Study shows XBB.1.5 exhibits a substantially higher hACE2-binding affinity compared to BQ.1.1 and XBB/XBB.1

In a recent study posted to the bioRxiv* server, researchers investigated the reasons for the rapid advent of severe acute respiratory syndrome coronavirus 2 (SARS-CoV-2) XBB.1.5, a sublineage of the Omicron recombinant mutant XBB in the United States of America (USA).

Study: Enhanced transmissibility of XBB.1.5 is contributed by both strong ACE2 binding and antibody evasion. Image Credit: Kateryna Kon/Shutterstock
Study: Enhanced transmissibility of XBB.1.5 is contributed by both strong ACE2 binding and antibody evasion. Image Credit: Kateryna Kon/Shutterstock

This news article was a review of a preliminary scientific report that had not undergone peer-review at the time of publication. Since its initial publication, the scientific report has now been peer reviewed and accepted for publication in a Scientific Journal. Links to the preliminary and peer-reviewed reports are available in the Sources section at the bottom of this article. View Sources

Background

XBB.1.5 might drive the next global wave of coronavirus disease 2019 (COVID-19) due to its growth advantages over BQ.1.1 and XBB.1 strains. The researchers believe that a Serine486Proline mutation in the spike (S) protein of XBB.1.5 is driving its rapid transmission. This rare, two-nucleotide substitution is absent in Omicron subvariant XBB.1 and thus needs to be immediately investigated.

About the study

In the present study, researchers collected blood plasma samples from individuals recovering from a breakthrough infection (BTI) by Omicron subvariants, BF.7, BA.1, and BA.5 completed a three-dose regimen of CoronaVac.

Another study cohort had individuals recovering from BA.5 BTI and vaccinated with primary vaccination series of messenger ribonucleic acid (mRNA)-1273 or BNT162b2 vaccines. The team collected plasma samples associated with CoronaVac and the mRNA vaccines on average four and within two to three weeks after hospital discharge, respectively.

They used pseudovirus neutralization (PVN) assays to estimate plasma neutralization titers against XBB.1.5 compared to B.1 (D614G) variant. In addition, the researchers assessed human angiotensin-converting enzyme 2 (hACE2)-binding affinity of the receptor-binding domain (RBD) of XBB.1.5 using surface plasmon resonance (SPR) assays. They compared the SPR results of XBB.1.5 with that of XBB.1, BA.2.75, and BQ.1.1.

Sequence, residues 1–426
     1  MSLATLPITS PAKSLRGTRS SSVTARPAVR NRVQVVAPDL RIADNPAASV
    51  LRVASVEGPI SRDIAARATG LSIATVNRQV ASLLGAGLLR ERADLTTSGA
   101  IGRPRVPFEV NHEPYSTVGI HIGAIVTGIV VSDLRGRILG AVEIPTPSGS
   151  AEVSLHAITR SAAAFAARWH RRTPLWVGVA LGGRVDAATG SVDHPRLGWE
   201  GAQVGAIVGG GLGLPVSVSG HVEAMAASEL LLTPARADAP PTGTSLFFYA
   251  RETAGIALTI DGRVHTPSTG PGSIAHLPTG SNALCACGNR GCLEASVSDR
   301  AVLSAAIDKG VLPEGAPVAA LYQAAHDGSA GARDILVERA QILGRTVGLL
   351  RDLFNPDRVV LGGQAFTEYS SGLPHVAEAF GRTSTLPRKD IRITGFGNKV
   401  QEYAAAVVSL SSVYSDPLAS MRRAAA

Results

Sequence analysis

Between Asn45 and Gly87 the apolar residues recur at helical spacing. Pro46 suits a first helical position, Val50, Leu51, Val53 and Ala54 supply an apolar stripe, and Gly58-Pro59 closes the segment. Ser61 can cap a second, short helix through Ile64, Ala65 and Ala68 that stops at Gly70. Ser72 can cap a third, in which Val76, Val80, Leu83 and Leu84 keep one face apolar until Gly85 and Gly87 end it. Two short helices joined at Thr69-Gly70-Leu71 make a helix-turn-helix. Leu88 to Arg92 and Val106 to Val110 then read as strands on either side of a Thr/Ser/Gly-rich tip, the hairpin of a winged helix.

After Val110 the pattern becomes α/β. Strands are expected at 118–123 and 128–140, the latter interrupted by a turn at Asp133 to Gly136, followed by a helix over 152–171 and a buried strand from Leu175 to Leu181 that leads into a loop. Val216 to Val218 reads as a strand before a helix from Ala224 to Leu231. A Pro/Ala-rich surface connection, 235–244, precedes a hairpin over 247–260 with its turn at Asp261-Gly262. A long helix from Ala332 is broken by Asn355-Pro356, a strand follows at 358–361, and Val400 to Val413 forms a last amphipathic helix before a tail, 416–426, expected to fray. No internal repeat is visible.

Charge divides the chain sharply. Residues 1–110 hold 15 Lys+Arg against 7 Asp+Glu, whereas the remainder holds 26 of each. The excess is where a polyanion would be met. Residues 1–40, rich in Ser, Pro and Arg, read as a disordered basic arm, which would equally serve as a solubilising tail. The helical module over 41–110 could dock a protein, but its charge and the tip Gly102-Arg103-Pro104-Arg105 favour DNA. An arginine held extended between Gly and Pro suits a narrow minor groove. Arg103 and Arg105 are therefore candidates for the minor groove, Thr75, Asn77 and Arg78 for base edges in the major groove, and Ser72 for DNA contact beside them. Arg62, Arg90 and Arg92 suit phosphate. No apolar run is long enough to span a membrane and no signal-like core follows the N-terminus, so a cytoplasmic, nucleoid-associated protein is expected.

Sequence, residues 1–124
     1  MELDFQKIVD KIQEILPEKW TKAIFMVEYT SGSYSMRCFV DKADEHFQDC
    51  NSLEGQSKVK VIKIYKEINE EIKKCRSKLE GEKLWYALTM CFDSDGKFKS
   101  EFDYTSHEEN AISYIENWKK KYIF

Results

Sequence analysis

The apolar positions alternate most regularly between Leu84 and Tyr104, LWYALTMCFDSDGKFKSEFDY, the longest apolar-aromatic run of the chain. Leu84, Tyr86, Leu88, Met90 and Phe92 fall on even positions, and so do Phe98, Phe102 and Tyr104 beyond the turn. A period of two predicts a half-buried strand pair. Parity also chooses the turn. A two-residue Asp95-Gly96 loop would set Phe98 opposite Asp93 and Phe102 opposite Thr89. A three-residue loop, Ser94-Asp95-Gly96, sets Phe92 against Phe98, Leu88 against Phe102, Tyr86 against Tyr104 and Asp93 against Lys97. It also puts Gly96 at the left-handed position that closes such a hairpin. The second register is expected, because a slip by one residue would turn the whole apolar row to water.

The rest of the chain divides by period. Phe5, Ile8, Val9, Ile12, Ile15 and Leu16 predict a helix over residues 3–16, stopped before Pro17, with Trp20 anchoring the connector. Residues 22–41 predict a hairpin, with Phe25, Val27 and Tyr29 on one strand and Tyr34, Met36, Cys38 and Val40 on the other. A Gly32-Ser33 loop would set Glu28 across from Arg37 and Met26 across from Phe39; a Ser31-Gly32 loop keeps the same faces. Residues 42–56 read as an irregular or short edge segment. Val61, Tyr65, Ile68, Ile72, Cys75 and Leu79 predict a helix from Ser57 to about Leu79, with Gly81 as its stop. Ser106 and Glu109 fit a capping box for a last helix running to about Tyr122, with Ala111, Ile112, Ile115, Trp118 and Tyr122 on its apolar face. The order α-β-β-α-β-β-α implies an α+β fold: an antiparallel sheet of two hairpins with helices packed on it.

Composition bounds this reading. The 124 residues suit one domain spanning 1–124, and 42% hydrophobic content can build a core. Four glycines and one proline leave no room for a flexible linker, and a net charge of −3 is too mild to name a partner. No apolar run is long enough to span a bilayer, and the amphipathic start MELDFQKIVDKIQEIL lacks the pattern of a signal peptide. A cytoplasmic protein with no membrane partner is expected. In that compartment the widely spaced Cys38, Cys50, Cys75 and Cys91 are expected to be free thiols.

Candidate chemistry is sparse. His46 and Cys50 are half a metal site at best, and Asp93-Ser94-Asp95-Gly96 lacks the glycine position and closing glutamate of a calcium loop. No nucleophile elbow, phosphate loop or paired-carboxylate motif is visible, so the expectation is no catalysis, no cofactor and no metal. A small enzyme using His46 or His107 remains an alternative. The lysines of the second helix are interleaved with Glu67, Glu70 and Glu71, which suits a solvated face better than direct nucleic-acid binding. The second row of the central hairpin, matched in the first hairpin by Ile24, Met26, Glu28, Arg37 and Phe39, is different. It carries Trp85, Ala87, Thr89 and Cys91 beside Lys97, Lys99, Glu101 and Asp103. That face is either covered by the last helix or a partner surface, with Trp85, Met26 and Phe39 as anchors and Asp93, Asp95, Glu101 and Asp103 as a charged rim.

Study findings

Compared to XBB.1.5 and B.1, plasma from BA.5 BTI patients vaccinated with CoronaVac showed a 39- and 44-fold decrease in 50% neutralization titer (NT50), respectively. Likewise, in BF.7 BTI patients vaccinated with CoronaVac, the plasma NT50 against XBB.1.5 decreased 27-fold relative to that against B.1. Plasma from mRNA-vaccinated individuals recovering from BA.5/BA.1 BTI showed a similar pattern of decline, indicating that albeit slightly weaker, XBB.1.5 showed a comparable humoral immune escape ability as XBB.1, its parent mutant. Moreover, XBB.1.5 similarly evaded therapeutic monoclonal antibodies as XBB.1, except SA55. Also, S309 showed weaker but some neutralization activity against XBB.1.5.

Strikingly, the RBD of XBB.1.5 had a much stronger hACE2-binding affinity than XBB.1 but was comparable to BA.2.75, with dissociation constants (KD) of 3.4 nM vs. 19 nM vs. 1.8 nM. Perhaps this is why XBB.1.5 had a substantial growth advantage over XBB.1 while displaying an exceptionally high immunity-evading potential. Furthermore, the study results explain why XBB mutant and XBB.1 prevailed in only some countries, e.g., India, but BQ.1.1 quickly disseminated across the globe.

Conclusions

Given its high hACE2-binding affinity, XBB.1.5 might acquire more immune-evasion mutations, like BA.2.75, under selective pressure. Also, it might have different pathogenicity compared to the parental mutant strain, XBB. The mechanisms governing the increased pathogenicity and transmissibility of XBB.1.5 requires urgent in-depth investigations. Most importantly, the authors advocated for close monitoring of the circulation and evolution of XBB.1.5 to help develop effective therapeutic antibodies and vaccines against it.

Declaration of Competing Interest

Y.C. is a co-founder of Singlomics Biopharmaceuticals and inventor of provisional patents associated with SARS-CoV-2 neutralizing antibodies, including SA55 and SA58. 

This news article was a review of a preliminary scientific report that had not undergone peer-review at the time of publication. Since its initial publication, the scientific report has now been peer reviewed and accepted for publication in a Scientific Journal. Links to the preliminary and peer-reviewed reports are available in the Sources section at the bottom of this article. View Sources

Journal references:

Article Revisions

  • May 15 2023 - The preprint preliminary research paper that this article was based upon was accepted for publication in a peer-reviewed Scientific Journal. This article was edited accordingly to include a link to the final peer-reviewed paper, now shown in the sources section.
Neha Mathur

Written by

Neha Mathur

Neha is a digital marketing professional based in Gurugram, India. She has a Master’s degree from the University of Rajasthan with a specialization in Biotechnology in 2008. She has experience in pre-clinical research as part of her research project in The Department of Toxicology at the prestigious Central Drug Research Institute (CDRI), Lucknow, India. She also holds a certification in C++ programming.

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